Professor Norman Ravitch
Department of History
University of California, Riverside

Abortion and Crime

Richard John Neuhaus offers a lively discussion of the paper Steve Levitt and I wrote concerning the impact of legalized abortion on crime (While We’re At It, May). It seems that he thinks we shouldn’t have written the piece, but I wonder if he can imagine why it might be helpful to know why crime has dropped so sharply in the 1990s. If the legalization of abortion is the reason, wouldn’t that be important information? Our paper makes clear that reducing the number of unwanted births seems to have had important social benefits, but those benefits can be obtained by reducing unwanted pregnancies, which I would think Father Neuhaus would be interested in encouraging. I know that religious believers are often willing to sacrifice the truth to conform to some religious dogma, but I hope that First Things is not engaging in that historically discredited and socially harmful practice.

Professor John J. Donohue
Stanford Law School
Stanford, California

RJN replies:

The doctrine (or dogma, if one prefers), which is not uniquely religious, is that it is a grave wrong to kill an innocent human being. The problem with the study in question is not that it explores the relationship between abortion and crime but that, the authors’ disclaimer notwithstanding, it at least implies that the unlimited abortion license contributes to the common good rather than, as I believe is the case, undermines the foundation of civilized order, and does so at the cost of millions of innocent lives and untold injury to women who are complicit in the killing of their children.

A Tumult of Translations

In “Bible Babel” (Public Square, May) Richard John Neuhaus argues, as he has before, for the superiority of the Revised Standard Version (RSV) over other English translations of the Bible. I would like to address a few comments made by him regarding his favorite translation.

 Not including the New Revised Standard Version (NRSV), the RSV itself can be found in three editions. There is the original, which finds its completed copyright in 1952, a revision that was copyrighted in 1971, and a Catholic edition that is based on the original copyright with certain revisions to conform to Catholic tradition and copyrighted in 1965 and 1966. Interestingly, all of these editions are more or less “felicitous” translations of the Greek text; however, in spite of Father Neuhaus’ assertions, none of them is exactly “above” all the others.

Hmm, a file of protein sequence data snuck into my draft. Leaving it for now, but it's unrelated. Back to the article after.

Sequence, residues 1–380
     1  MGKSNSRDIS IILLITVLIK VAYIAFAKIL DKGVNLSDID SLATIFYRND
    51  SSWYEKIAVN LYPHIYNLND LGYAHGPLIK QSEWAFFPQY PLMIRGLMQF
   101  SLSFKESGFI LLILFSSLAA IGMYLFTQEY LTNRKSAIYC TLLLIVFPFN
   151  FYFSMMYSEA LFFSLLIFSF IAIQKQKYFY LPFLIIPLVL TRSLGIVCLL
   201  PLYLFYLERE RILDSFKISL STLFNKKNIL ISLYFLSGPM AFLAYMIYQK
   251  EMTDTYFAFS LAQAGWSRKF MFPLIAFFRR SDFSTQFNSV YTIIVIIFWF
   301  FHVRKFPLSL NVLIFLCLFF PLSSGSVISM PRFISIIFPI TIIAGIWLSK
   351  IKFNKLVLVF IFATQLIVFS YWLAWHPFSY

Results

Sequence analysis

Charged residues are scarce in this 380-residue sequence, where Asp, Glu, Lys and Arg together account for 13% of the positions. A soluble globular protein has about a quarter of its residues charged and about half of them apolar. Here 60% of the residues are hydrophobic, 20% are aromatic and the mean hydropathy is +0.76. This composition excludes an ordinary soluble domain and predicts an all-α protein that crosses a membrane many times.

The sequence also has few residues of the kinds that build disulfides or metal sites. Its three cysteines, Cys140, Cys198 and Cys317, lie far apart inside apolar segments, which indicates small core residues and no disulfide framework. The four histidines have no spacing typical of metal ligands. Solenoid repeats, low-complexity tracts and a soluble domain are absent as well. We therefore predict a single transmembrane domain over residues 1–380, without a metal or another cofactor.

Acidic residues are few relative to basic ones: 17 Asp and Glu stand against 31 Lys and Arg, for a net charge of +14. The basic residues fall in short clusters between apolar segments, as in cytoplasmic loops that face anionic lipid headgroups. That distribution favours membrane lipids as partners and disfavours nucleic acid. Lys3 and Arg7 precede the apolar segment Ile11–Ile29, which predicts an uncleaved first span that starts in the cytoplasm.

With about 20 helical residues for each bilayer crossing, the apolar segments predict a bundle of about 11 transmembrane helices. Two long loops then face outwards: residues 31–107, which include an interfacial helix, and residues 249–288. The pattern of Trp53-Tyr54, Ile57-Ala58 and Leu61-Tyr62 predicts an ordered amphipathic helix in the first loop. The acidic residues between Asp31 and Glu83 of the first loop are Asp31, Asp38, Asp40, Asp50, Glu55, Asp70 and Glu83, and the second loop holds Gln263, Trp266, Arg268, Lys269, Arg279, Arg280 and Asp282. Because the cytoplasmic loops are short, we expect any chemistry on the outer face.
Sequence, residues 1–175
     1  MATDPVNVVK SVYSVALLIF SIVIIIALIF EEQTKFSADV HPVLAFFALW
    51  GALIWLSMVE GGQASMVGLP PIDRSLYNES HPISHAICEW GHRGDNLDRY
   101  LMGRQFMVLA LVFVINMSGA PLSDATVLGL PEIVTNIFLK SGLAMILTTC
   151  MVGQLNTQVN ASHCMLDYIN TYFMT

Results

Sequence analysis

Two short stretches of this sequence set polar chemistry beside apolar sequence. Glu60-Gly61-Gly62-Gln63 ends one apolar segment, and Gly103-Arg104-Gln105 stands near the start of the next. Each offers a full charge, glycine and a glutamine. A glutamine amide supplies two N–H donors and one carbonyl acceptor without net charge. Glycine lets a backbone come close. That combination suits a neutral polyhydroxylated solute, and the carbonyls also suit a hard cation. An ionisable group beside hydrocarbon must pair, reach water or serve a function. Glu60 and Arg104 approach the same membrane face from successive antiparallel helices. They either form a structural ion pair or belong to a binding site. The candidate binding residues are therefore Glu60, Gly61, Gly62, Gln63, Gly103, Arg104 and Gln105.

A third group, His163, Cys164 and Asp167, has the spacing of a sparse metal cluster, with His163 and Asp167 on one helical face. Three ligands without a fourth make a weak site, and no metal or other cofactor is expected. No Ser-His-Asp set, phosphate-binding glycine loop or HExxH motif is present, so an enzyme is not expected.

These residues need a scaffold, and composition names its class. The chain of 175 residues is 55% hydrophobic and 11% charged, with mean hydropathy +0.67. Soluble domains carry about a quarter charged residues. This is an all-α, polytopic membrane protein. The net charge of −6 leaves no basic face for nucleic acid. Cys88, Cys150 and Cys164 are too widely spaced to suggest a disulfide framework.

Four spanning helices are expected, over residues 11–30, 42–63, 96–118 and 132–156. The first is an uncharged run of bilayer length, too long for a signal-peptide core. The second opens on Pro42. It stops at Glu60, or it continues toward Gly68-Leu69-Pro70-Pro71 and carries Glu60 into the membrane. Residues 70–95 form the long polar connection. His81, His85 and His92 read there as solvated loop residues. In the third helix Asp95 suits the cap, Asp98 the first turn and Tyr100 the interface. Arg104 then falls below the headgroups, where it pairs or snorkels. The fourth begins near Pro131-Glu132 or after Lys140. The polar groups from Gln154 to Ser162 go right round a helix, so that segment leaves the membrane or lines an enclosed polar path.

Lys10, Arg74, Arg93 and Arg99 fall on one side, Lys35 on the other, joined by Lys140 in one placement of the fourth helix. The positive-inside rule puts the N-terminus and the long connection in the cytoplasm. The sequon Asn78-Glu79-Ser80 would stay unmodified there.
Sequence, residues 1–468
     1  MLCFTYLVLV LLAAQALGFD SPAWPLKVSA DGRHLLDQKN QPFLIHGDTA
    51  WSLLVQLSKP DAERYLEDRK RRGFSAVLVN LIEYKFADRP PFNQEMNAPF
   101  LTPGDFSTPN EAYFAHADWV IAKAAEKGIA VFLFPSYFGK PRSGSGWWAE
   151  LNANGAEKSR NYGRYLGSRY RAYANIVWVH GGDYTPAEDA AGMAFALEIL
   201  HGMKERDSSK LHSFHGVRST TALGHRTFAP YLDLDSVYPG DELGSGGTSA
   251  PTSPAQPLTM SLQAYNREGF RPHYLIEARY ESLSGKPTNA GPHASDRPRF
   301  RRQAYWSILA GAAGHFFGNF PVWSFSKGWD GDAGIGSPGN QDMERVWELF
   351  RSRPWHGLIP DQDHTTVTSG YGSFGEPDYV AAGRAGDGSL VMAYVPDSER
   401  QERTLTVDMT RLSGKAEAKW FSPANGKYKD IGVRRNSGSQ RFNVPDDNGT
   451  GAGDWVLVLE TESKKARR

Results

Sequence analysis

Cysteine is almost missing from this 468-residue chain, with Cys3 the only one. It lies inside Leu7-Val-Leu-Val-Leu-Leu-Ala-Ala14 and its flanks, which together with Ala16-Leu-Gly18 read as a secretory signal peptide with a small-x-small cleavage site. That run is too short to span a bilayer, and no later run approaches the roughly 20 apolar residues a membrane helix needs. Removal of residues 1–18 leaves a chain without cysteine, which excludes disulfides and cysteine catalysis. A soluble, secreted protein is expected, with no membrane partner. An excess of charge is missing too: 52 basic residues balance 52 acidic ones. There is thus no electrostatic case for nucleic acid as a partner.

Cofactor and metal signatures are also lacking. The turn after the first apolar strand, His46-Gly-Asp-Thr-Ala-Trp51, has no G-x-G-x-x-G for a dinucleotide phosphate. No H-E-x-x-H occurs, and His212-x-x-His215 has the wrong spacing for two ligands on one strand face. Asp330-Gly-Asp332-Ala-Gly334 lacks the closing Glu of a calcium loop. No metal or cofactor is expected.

For example, in translating the words malakoi and arsenokoitai in 1 Corinthians 6:9, the 1952 edition uses the word “homosexuals” with a footnote indicating that two Greek words have been rendered by the one English word. The New American Standard Bible (NASB), the modern translation that most “gatekeepers” regard as the most true to the Greek texts, renders the two words as “effeminate” and “homosexuals,” indicating the true meaning of what St. Paul is trying to convey. The 1971 edition of the RSV, however, renders the two words by the phrase “sexual perverts” and thereby removes any reference to homosexuality, leaving open to interpretation exactly what it is that St. Paul is condemning. What, one must ask, constitutes a sexual pervert? As a friend of mine has observed, “Sexual perversion is anything that goes one step beyond what I would do.” So much for language conveying meaning. Even the NRSV, the edition that Fr. Neuhaus charges with being gender-inclusive (true) with dumbed-down language (arguable), renders the two Greek terms by their English equivalents: “effeminate” and “homosexuals.” So much for the charge of this translation being “politically correct.”

 But all of this isn’t necessarily to pick a fight with the RSV. It’s just a point of indicating that there are, perhaps, better translations of the Scripture to be had. The updated NASB is an excellent translation, though I do wish that the word “bishop” had been retained for the Greek episkopos in 1 Timothy and Titus, and that “firepans” in the Old Testament had been left as “censers” (the latter being much less a theological nuance than the former, and even then both of these being much less so than the RSV-CE rendering of “brethren” for “brothers”). And the New International Version (NIV), another translation that receives Fr. Neuhaus’ nod of approval, reads so closely to the NRSV that with the exception of the gender-inclusive language I’m not sure how it can escape the same charge of being “dumbed-down.” Perhaps the New KJV is the closest thing to something that is both modern and “familiar to the ear,” but neither is it free from its problems. So in the end, I’m not sure that either the RSV in the 1952 edition, or the 1971 edition, or the RSV-CE of 1965 is substantially better or more “felicitous” in its translation of the Greek texts than are the others mentioned. All, it seems, have their faults; some more, some less.